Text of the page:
Some East Bay residents were curious about a late summer low-flying helicopter survey of naturally-occurring radiation in the Bay Area, and asked Patch for more.
Here’s the initial story announcing the survey; and here’s Part 1 of our follow-up, where I described the frustratingly long process of trying to get more information from the federal agencies behind the effort.
I promised more on naturally-occurring radiation — a look into the what's, where's, and why’s. It does sound creepy, especially to those of us not well versed in planet — or planetary — chemistry.
To no surprise, radiation science isn't the stuff of brief web posts. But I’ll lay out some basics, with links and PDF’s to more.
For starters, “naturally-occurring” radiation may not be the best term for what the feds were surveying in Bay Area hills and dales. "Background” radiation is probably more accurate, according to the scientists I interviewed.
Radiation is part of everyday life
“My main message to you is that, yes, there are several natural and man-made sources of radiation in the everyday environment,” wrote Cary Zeitlin, PhD, a high energy physicist at the nonprofit Southwest Research Institute in Texas, who lives in the East Bay. Among other things, Zeitlin is known for his work investigating radiation on Mars for NASA, working with the Mars Odyssey mission.
Zeitlin was one of a few experts who emailed me, or commented, after my first post. He went on:
“Cosmic rays give us all a small dose of radiation, which is increased by living at high altitudes, flying in an airplane, etc. Medical and dental x-rays contribute, and in some parts of the world, naturally-occurring radon gas is present.
"Beyond that, our bodies are all very slightly radioactive, due mainly to potassium-40 in bones and teeth. And there is a tiny (really tiny) contribution to the annual dose as a residual effect of above-ground A-bomb testing in the 1950's."
Many sources - terrestrial, cosmic, manufactured
Kathy Shingleton, a radiation safety leader at Lawrence Livermore National Lab (LLNL), elaborated that background radiation, mostly in very low levels, is present everywhere on earth, as it's an element of the earth's crust (terrestrial sources), showing up in soil, water, rock, and air, and of the cosmos (cosmic or extraterrestrial sources), showing up in the skies.
“The whole earth is radioactive,” Shingleton said. "It was more so one to two million years ago, radioactive material is decreasing, but we’ve lived in a radioactive environment since the Big Bang.”
Manufactured sources make “very, very small contributions” to background radiation, Shingleton said. This includes radiation from medical procedures, weapons, power plants, some ship and airplane parts, watch illumination and other uses.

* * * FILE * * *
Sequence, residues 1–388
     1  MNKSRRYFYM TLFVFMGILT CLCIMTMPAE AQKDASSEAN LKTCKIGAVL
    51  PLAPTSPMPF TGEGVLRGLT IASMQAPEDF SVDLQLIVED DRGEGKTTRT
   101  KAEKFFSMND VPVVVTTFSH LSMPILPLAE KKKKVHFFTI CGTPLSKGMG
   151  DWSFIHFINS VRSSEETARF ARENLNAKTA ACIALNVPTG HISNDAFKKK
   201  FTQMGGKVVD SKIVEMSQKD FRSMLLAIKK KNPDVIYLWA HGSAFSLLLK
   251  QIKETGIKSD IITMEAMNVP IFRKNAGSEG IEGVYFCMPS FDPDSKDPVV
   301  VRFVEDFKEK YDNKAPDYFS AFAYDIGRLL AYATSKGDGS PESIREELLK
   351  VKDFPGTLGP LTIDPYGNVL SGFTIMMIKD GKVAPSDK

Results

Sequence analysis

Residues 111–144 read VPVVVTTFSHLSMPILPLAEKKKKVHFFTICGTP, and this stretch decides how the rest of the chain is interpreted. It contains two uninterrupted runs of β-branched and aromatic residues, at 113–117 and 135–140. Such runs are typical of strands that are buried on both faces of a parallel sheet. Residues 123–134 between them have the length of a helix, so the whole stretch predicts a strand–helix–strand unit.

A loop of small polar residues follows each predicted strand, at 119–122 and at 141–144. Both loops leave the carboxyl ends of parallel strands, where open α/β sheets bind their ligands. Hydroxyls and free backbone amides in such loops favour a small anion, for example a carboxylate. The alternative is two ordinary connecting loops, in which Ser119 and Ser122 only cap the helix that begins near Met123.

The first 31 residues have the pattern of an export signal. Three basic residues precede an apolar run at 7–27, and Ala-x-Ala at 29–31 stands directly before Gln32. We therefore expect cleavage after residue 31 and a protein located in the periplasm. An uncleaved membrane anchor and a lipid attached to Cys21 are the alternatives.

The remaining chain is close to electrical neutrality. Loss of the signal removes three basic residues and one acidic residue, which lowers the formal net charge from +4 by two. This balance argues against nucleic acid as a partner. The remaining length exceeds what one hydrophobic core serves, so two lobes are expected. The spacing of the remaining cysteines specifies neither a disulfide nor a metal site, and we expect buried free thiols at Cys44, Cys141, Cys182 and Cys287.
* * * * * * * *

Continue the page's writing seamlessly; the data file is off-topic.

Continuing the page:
See PDF's to the right with details on background radiation from the Health Physics Society.
Radon is a concern; Bay Area not hot spot
Assessing the health risks of exposure to background radiation is complicated and controversial, but radon poses the greatest concern, depending on where you live, Shingleton and Zeitlin agree.
“Health effects from naturally-occurring radiation are generally so small as to be unmmeasurable, with the exception of radon," Zeitlin said.
Radon is a radioactive gas byproduct of decaying uranium, and to a lesser degree thorium (heavy metals in the earth's crust), that's present on the earth's surface in widely varying degrees, depending mainly on the surface rock. Radon can get trapped and concentrated in homes and other structures located in areas with higher levels, resulting in potentially dangerous exposures.
In the U.S., the Environmental Protection Agency (EPA) monitors ground radon, including issuing guidelines for residents and builders. Well-ventilated buildings pose less risk. Check the EPA's radon webpages for more information. Most states, including California, have a radon coordinator.
The Bay Area, and most of California, isn’t a radon hot zone, or a region with levels of concern. This doesn’t mean there isn’t any radon in our terrain, but relatively little compared to known hot spots in the midwest and eastern parts of the country, Shingleton said. It's not considered a health risk here. See the EPA’s radon map.
About those low-flying radiation detectors
So, how does this tie into those buzzing helicopters?
Aerial surveys of background radiation have been done intermittently in the U.S. for years, Shingelton said. Sometimes they're collecting data; sometimes testing equipment, or both.
“I learned that the Aug surveys were done as part of a research and development project to obtain baseline aerial measurement data over topograhpically diverse terrains (e.g., hilly, urban, water), which the Bay Area is rich in,” Shingleton said, adding that a Berkeley-based scientist is involved in the work.
“The surveys were not done in response to any particular threat or concern."
“On a more general note," Shingleton continued, "The ability to make aerial measurements of background radiation is a very useful tool, and communities/states are recognizing the value of establishing background radiation levels in their communities BEFORE an incident occurs, as it can dramatically improve detection criteria, clean-up strategies, and public confidence should a radiological event occur."
"Following any radiological incident, there is tremendous pressure to return the area to its 'pre-incident' condition. If the 'natural background levels' are not known prior to the incident, there will never be public consensus of when that endpoint is achieved," Shingleton said.